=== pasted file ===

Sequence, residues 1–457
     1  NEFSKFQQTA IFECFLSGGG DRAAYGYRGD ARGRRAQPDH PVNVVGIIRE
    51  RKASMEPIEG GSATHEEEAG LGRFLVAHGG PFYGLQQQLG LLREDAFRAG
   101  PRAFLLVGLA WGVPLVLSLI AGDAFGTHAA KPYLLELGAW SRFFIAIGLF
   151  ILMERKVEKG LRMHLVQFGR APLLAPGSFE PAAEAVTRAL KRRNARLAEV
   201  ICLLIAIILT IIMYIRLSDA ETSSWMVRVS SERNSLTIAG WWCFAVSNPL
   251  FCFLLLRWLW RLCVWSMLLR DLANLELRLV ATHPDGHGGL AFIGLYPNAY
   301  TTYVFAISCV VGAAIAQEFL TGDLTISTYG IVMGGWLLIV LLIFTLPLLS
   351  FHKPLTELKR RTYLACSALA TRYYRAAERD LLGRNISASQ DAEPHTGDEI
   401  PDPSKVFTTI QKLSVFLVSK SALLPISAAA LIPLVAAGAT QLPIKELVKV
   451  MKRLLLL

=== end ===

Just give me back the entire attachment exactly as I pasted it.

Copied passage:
Sequence, residues 1–457
     1  NEFSKFQQTA IFECFLSGGG DRAAYGYRGD ARGRRAQPDH PVNVVGIIRE
    51  RKASMEPIEG GSATHEEEAG LGRFLVAHGG PFYGLQQQLG LLREDAFRAG
   101  PRAFLLVGLA WGVPLVLSLI AGDAFGTHAA KPYLLELGAW SRFFIAIGLF
   151  ILMERKVEKG LRMHLVQFGR APLLAPGSFE PAAEAVTRAL KRRNARLAEV
   201  ICLLIAIILT IIMYIRLSDA ETSSWMVRVS SERNSLTIAG WWCFAVSNPL
   251  FCFLLLRWLW RLCVWSMLLR DLANLELRLV ATHPDGHGGL AFIGLYPNAY
   301  TTYVFAISCV VGAAIAQEFL TGDLTISTYG IVMGGWLLIV LLIFTLPLLS
   351  FHKPLTELKR RTYLACSALA TRYYRAAERD LLGRNISASQ DAEPHTGDEI
   401  PDPSKVFTTI QKLSVFLVSK SALLPISAAA LIPLVAAGAT QLPIKELVKV
   451  MKRLLLL